The year 2020 shattered our assumptions about food. When the COVID-19 pandemic disrupted traditional supply chains and caused health crises in meatpacking plants, plant-based meat went from novelty to reality. Rapidly introduced in fast-food chains and grocery aisles, products made by Beyond Meat and Impossible Foods led the charge in introducing the public to plant-based burgers that look, taste, and smell like traditional animal-derived meat. A host of start-ups and legacy food companies joined the fray, offering consumers healthier and more environmentally friendly meat alternatives at price points that are nearing parity with traditional meat-based products.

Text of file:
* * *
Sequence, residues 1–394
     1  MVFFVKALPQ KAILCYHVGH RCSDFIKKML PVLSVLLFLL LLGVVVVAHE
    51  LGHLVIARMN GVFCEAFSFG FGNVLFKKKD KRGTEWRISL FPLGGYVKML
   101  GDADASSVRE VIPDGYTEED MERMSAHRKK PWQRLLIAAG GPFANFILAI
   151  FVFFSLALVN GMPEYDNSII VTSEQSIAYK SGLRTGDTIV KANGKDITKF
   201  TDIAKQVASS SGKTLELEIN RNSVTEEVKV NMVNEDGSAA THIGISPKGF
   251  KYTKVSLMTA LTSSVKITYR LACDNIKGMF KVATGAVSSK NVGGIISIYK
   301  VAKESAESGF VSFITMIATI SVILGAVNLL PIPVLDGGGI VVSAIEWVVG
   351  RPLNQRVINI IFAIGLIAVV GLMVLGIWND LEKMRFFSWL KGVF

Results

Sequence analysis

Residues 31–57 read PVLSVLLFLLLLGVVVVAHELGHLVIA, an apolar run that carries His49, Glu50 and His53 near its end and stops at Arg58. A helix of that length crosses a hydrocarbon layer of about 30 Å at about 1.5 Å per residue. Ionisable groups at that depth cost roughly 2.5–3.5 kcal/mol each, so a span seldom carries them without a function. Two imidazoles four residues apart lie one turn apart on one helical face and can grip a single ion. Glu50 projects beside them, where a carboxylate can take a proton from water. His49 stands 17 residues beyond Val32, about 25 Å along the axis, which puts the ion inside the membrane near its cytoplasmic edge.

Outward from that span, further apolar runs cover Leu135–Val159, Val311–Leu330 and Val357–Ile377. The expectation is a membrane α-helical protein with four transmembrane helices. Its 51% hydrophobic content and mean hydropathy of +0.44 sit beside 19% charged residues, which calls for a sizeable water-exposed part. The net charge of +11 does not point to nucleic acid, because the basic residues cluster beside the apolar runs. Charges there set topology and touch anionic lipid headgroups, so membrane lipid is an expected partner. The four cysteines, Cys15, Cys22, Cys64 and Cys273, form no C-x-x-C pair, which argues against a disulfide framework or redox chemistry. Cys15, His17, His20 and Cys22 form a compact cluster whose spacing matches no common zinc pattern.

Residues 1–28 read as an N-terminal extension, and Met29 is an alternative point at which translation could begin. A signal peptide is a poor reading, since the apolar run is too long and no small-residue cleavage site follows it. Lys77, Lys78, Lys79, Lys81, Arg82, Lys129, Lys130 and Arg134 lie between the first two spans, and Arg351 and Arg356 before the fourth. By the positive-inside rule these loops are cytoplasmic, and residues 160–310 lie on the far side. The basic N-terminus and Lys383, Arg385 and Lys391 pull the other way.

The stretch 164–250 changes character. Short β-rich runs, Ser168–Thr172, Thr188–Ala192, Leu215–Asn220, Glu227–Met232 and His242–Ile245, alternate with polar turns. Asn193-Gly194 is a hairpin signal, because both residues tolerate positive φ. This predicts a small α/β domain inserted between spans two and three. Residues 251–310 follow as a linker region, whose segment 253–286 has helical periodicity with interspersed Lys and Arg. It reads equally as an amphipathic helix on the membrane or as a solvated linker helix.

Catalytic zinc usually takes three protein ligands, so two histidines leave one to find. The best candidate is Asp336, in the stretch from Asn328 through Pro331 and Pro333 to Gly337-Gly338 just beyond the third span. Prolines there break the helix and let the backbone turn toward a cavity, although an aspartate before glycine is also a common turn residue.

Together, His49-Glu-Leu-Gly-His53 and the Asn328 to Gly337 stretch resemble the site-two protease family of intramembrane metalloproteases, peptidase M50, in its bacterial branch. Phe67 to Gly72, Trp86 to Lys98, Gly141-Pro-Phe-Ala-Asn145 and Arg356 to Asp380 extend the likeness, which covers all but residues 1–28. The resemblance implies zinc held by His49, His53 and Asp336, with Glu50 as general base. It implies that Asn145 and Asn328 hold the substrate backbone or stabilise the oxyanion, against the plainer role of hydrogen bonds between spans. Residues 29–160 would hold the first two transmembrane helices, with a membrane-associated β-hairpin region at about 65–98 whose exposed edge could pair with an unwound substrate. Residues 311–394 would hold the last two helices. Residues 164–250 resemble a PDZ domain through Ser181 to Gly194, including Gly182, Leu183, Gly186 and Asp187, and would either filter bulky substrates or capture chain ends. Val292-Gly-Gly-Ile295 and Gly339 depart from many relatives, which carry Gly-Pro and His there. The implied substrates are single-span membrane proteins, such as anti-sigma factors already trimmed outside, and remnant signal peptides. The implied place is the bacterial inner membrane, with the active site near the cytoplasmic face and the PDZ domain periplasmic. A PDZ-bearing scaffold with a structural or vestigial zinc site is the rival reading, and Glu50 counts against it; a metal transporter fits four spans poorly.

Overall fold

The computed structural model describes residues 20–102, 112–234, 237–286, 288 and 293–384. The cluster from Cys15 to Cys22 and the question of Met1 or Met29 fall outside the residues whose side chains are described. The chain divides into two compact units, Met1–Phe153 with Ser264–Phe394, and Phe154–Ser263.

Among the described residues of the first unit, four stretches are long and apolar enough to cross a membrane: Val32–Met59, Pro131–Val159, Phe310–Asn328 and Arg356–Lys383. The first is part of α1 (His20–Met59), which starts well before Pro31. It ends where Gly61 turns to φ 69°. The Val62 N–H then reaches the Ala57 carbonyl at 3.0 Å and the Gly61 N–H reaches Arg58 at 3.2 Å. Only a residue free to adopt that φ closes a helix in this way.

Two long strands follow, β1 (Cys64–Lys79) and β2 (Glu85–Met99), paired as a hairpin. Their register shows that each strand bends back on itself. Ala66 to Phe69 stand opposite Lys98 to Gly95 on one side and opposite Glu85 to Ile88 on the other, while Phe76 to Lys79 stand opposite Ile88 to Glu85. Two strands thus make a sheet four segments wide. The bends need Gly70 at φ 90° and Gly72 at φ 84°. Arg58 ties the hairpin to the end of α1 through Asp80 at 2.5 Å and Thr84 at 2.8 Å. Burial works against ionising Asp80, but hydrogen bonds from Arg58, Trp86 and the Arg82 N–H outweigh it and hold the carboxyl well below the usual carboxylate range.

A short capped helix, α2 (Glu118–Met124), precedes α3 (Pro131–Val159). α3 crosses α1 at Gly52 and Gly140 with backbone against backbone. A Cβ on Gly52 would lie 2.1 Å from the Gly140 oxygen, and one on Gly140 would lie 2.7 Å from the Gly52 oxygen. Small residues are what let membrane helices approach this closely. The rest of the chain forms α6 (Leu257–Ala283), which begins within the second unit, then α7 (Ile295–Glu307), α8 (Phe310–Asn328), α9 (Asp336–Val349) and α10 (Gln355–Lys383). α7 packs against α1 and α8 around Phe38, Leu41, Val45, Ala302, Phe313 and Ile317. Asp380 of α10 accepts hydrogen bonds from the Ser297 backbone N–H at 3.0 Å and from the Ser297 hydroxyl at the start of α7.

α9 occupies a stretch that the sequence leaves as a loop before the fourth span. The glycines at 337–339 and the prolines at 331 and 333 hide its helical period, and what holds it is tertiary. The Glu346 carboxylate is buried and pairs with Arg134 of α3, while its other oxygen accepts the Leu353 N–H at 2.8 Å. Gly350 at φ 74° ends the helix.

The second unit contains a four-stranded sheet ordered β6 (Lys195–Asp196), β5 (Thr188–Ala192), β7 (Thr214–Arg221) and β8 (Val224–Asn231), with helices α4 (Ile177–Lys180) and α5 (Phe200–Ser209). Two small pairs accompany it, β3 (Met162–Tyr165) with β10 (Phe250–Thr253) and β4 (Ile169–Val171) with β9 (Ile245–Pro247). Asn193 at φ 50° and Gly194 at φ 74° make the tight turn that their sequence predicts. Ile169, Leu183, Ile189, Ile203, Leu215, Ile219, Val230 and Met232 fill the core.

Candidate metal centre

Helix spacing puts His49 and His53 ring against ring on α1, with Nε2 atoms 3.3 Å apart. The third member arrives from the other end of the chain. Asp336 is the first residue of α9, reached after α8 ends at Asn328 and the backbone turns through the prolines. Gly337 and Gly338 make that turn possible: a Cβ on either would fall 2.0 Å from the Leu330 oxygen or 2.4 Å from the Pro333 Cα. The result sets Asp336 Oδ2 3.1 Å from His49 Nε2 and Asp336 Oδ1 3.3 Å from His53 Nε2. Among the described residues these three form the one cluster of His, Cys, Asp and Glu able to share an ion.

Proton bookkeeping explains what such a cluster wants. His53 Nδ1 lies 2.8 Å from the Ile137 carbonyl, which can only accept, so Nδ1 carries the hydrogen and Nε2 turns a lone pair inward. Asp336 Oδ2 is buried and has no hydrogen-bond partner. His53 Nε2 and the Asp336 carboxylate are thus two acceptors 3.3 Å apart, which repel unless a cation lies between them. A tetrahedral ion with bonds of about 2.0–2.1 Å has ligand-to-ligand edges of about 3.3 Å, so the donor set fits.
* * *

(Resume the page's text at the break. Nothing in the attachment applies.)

While plant-based food grabbed headlines during 2020, more fundamental innovations entered the picture as well. Cellular cultivation, which produces foods from animal cell cultures, aims to offer consumers products that are molecularly identical to the animal-derived products that are central fixtures in many diets globally. It took a major leap forward in 2020 when the Singapore Food Agency became the first regulatory agency to approve cell-based chicken made by Eat Just, a Bay Area FoodTech company. With more regulatory approvals expected in the near term, 2020 positioned cellular cultivation for an introduction to consumers.
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